education in yeovil
Classical & Commercial academy
An early school in Yeovil with an unusual line of ownership
James Morse ran a boarding and day school he called a 'Classical, Mathematics, English, French and Commercial School' in Mansion House, Kingston, between 1834 and 1854. According to the 1846 Tithe Apportionment the building was owned by Susan Collins, Morse was the tenant.
Born in Taunton in 1804, James Morse began his teaching career at the age of 19 in 1823 and was a member of the Yeovil Freemasonry Lodge of Brotherly Love from 1828. He placed an advertisement in the 9 June 1834 edition of the Western Flying Post (see Gallery) announcing the opening of his new 'Classical and Commercial School' in Yeovil.
However it appears that James Morse was not the first owner of the school and actually acquired it through his wife.
In the summer of 1839, at Beaminster, Dorset, James married Grace Ann Pope (1800-1871). This was Grace's third marriage; she was the daughter of John Pope (1778-1851) and Betty Elizabeth née Neale (1782-1847) and had been born at Kincombe, Toller Porcorum, Dorset. She had been married to Edward Genge (1799-1825) on 2 July 1822 at Toller Porcorum and then to George Rossiter (1800-1835) on 29 June 1826, at Tarrant Rushton, Dorset. She had a daughter Elizabeth Mary Genge (1823-1855) by Edward Genge and two children by George Rossiter; Alonzo Pope Rossiter (1829-1856) and Sophia Rossiter (b1832), both born in Yeovil. She and James Morse would have a daughter, Dinah Maria (b1840, Yeovil).
Edward Genge was born in 1799 and baptised on 19 October 1800 at Pendomer, Somerset. It transpires that Edward Genge had originally founded the school but he died in 1825. His widow, Grace, then married George Rossiter the following summer of 1826. However George was already running the school as early as January 1826 when he placed an advertisement in the Dorset County Chronicle's edition of 5 January 1826 (see Gallery) for the Classical and Mathematical School "conducted by the late Mr Genge."
E Watts' map of 1829 notes Mansion House as "Mr Rossiter's Premises" and in the 'Academies and Schools' section of Pigot's Directory of 1830 George Rossiter's "Gentleman's Boarding Academy" was listed there. George was also a member of the Yeovil Freemasonry Lodge of Brotherly Love, being initiated on 18 April 1826. He remained in the lodge certainly until 1834. He was listed in the Yeovil poll books of 1832 and 1834 by virtue of being an "occupier of lands" in Kingston.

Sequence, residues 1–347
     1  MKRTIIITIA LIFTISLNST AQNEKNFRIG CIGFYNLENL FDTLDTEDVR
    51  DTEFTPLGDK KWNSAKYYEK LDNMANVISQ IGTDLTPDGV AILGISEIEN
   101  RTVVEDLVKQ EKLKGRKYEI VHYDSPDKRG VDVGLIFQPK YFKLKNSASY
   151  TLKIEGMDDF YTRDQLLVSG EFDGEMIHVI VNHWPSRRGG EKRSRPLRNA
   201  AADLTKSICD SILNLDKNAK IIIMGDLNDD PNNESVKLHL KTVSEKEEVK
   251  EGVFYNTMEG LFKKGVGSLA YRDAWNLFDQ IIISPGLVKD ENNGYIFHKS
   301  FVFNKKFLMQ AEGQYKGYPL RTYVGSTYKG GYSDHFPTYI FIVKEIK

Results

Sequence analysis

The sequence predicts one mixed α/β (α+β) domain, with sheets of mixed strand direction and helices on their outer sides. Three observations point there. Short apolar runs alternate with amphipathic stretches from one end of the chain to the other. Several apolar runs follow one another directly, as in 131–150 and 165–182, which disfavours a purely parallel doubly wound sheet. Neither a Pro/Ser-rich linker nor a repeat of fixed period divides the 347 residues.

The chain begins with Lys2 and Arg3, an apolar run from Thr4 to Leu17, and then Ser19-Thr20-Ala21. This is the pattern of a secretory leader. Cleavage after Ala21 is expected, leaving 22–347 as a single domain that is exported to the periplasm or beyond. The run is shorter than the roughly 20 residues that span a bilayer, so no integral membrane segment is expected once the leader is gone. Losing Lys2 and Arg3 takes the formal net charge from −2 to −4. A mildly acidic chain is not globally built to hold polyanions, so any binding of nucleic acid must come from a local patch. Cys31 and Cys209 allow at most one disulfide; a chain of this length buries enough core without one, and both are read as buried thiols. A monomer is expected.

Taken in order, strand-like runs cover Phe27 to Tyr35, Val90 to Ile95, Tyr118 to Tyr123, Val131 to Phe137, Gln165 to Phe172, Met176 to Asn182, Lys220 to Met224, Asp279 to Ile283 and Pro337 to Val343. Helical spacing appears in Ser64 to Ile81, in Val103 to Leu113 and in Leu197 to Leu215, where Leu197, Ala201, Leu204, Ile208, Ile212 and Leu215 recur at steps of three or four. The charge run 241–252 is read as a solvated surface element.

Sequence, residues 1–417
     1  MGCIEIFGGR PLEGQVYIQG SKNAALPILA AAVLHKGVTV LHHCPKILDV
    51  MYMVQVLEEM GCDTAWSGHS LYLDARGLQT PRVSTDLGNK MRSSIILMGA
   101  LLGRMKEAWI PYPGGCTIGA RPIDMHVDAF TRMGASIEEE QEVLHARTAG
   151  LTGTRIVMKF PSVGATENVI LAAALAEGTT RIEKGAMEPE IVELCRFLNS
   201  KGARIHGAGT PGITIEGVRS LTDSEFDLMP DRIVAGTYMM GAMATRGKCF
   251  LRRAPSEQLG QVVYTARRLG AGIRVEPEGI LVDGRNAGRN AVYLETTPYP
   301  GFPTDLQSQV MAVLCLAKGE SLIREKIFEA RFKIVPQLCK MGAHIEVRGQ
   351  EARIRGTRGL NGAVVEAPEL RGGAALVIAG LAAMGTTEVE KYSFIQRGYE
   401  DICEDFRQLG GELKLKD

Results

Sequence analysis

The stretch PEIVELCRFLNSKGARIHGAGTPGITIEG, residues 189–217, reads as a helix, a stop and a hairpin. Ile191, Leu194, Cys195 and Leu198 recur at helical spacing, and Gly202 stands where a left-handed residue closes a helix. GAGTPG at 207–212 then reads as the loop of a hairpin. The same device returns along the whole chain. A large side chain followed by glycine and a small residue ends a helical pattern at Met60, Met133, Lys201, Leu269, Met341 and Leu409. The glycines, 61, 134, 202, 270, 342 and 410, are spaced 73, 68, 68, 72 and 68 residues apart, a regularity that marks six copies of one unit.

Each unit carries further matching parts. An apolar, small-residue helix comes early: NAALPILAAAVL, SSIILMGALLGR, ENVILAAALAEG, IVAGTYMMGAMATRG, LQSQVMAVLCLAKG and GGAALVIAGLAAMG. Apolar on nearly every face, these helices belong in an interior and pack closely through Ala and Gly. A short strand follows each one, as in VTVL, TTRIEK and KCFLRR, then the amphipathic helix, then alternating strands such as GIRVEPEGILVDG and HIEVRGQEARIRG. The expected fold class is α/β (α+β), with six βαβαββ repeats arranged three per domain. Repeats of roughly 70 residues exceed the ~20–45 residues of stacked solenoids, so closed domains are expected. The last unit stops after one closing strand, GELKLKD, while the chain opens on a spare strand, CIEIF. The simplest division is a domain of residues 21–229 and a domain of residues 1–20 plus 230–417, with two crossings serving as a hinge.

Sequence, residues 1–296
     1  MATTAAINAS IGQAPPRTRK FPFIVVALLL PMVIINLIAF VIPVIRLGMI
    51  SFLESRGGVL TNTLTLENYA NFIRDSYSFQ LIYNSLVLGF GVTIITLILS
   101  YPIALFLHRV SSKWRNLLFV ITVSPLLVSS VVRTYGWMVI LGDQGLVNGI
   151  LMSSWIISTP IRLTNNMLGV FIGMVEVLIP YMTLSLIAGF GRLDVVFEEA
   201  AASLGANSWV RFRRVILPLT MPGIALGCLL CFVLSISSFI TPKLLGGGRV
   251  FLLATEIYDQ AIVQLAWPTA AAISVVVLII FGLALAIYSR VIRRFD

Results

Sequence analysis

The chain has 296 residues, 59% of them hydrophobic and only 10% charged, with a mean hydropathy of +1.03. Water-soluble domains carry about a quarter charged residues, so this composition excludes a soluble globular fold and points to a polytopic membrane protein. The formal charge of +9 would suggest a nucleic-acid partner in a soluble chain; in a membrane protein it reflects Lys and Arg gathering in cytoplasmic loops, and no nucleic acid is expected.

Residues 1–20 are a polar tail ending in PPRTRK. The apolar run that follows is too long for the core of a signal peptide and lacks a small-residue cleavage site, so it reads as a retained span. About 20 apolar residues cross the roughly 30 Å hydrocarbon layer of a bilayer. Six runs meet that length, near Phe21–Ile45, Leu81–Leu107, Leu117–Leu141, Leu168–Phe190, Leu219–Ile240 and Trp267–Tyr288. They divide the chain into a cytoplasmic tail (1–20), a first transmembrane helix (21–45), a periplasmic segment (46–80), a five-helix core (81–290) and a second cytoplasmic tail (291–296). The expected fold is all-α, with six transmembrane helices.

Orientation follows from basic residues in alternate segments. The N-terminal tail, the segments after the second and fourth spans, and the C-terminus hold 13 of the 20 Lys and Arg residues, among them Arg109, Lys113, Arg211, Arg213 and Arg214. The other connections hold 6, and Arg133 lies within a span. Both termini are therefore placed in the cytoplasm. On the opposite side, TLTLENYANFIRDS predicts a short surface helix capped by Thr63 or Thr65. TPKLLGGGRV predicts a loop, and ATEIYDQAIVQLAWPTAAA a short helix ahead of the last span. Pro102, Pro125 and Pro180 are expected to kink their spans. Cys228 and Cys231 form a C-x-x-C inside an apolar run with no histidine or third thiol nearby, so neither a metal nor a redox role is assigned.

George Rossiter died in 1835 but was clearly unwell since, as noted above, James Morse was advertising 'his' new school in June 1834.
By the time of his advertisement of 13 July 1840 edition of the Western Flying Post (see Gallery), Morse's school had a resident French tutor and mathematics and French had been incorporated into the school's title - now advertised as an academy.
In the 1841 census James, his wife Grace and their baby daughter Dinah were listed at Mansion House (albeit not named as such) together with three servants and 26 resident pupils. James gave his occupation as schoolmaster.
He advertised his school in the June 1843 edition of the Sherborne Journal and in a July 1849 edition of the Yeovil Times. His classes also included the likes of land surveying and cartography and there were weekly lessons in chemistry by a visiting tutor for the agricultural students.
In the 1851 census 47-year old Morse was listed as a schoolmaster and was living in Mansion House with his wife Grace, her two children by George Rossiter (Sophia and Alonzo) and their daughter, Dinah. Also in residence was a teacher, Charles Green aged 21 and three domestic servants. Additionally there were 23 resident pupils.
In the 5 January 1854 edition of the Sherborne, Dorchester and Taunton Journal it was noted that Mr Morse was re-opening the school on 18 January. However in the 18 May edition of the Journal it noted that Morse was vacating Mansion House and relocating at Fullands House, Taunton.
James Morse died in Taunton in the winter of 1857. Grace died in Lewisham, London, in 1871.
The advertisement placed in the 5 January 1826 edition of the Dorset County Chronicle noting he was opening the school 'conducted by the late Mr Genge'.
By the time of this advertisement in the 15 July 1830 edition of the Dorset County Chronicle, George Rossiter had restyled the school with the addition of 'Commercial' in its title.
An advertisement placed in the 9 June 1834 edition of the Western Flying Post by James Morse.
By the time of this advertisement of 13 July 1840 edition of the Western Flying Post, Morse's school had a resident French tutor.
Mansion House photographed in 2013. The original house which housed James Morse's academy is at centre with a later nineteenth century addition to the right (Magnolia House) and an early twentieth century addition at left.